Millbrook Village

Millbrook Village is a representation of a late 19th Century rural community, rather than an exact restoration of the original Millbrook that has its origins in an 1832 grist mill that soon was surrounded by other businesses and homes. This scene represents the many villages that dotted the landscape and played a special role in the growth of our country. Here we remember a way of life led by millions of Americans until they abandoned it for the cities. 

Millbrook Village is located within the Delaware Water Gap National Recreation Area, and is maintained and operated by the National Park Service and by the nonprofit Millbrook Village Society, which is dedicated to promoting learning through living history. 

Open year-round for walking tours during daylight hours. Volunteers in period clothing demonstrate historic crafts on weekend, Memorial Day to Labor Day, 10 a.m. to 4 p.m.

Special events are conducted at various times throughout the year.

From Millbrook Village: A Self Guided Tour, National Park Service:

"Local farmers who took their grain to the Abram Garris grist mill when it began operating in 1832 found that within a few years a blacksmith shop and general store had been built near the mill. Knowing that farmers frequenting the mill could use their services, other tradesmen soon opened businesses. Millbrook was born.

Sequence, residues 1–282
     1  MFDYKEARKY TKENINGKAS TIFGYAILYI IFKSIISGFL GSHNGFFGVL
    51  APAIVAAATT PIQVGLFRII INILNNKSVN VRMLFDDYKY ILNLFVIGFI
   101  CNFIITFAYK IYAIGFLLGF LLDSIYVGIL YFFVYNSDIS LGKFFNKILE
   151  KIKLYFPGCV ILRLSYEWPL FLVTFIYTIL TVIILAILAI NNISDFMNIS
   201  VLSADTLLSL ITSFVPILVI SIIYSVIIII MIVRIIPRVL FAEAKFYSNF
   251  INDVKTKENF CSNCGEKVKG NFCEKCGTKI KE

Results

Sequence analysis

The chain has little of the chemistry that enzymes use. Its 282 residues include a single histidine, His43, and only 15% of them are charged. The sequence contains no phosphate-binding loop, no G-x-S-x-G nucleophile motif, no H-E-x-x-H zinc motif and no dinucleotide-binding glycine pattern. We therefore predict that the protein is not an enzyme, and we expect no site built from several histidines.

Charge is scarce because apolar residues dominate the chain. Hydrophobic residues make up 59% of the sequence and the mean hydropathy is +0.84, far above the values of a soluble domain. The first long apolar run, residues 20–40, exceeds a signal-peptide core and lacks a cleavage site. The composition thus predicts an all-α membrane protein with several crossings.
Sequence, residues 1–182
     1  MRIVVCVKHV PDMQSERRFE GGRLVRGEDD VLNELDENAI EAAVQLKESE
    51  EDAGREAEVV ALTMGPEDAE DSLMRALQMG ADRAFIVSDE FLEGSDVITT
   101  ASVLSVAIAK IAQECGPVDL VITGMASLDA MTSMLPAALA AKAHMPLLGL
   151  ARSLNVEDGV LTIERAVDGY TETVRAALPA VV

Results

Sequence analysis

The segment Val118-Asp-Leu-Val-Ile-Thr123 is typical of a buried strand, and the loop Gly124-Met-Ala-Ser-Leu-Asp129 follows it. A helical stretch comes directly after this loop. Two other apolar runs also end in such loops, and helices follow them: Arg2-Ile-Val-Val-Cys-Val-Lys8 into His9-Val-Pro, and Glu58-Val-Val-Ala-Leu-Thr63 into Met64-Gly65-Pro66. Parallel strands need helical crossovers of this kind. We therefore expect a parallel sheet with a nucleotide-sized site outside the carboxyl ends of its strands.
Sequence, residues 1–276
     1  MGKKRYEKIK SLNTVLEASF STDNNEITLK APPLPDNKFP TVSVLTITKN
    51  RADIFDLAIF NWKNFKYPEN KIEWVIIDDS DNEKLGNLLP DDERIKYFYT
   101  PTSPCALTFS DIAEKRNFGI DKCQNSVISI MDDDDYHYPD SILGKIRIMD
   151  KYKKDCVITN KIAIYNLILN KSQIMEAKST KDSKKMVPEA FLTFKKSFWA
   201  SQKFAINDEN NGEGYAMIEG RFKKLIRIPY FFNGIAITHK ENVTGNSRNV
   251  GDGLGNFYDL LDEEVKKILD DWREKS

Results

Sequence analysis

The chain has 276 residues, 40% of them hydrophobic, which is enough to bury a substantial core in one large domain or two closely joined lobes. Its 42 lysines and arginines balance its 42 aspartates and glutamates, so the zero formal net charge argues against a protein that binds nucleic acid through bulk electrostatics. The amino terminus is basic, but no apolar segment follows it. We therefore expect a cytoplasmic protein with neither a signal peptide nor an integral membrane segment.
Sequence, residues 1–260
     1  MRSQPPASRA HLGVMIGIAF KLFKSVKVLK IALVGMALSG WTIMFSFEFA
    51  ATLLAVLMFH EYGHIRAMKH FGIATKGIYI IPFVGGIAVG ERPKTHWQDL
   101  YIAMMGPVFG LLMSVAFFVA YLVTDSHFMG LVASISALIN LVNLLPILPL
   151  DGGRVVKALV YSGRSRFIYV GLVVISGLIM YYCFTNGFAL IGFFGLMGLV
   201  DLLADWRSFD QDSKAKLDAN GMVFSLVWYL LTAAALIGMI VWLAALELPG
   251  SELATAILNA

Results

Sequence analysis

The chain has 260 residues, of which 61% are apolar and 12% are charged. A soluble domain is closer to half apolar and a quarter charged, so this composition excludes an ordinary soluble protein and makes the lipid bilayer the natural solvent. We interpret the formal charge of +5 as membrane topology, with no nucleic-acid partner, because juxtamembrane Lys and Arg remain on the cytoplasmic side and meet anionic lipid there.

"From these beginnings, Millbrook grew until just after the Civil War when the village reached its peak of 19 buildings and approximately 75 residents. The townspeople supplied the needs of the farmers in the surrounding countryside. Men, women, and children alike worked long and hard in their homes and fields. What they could not grow or make themselves, they could obtain through barter at the general store or with one of the local tradesmen.

"The later half of the 19th century brought technological advances to much of the United States. Isolated by its location between the Delaware River and a ridge of mountains, Millbrook did not adapt. The old mill was not as efficient as new ones elsewhere and small farmers could not compete with specialized agriculture. The railroad bypassed Millbrook, taking business to other towns, and young people moved to cities where they earned cash wages. Tradesmen moved to communities where they could find customers. Millbrook began to decline."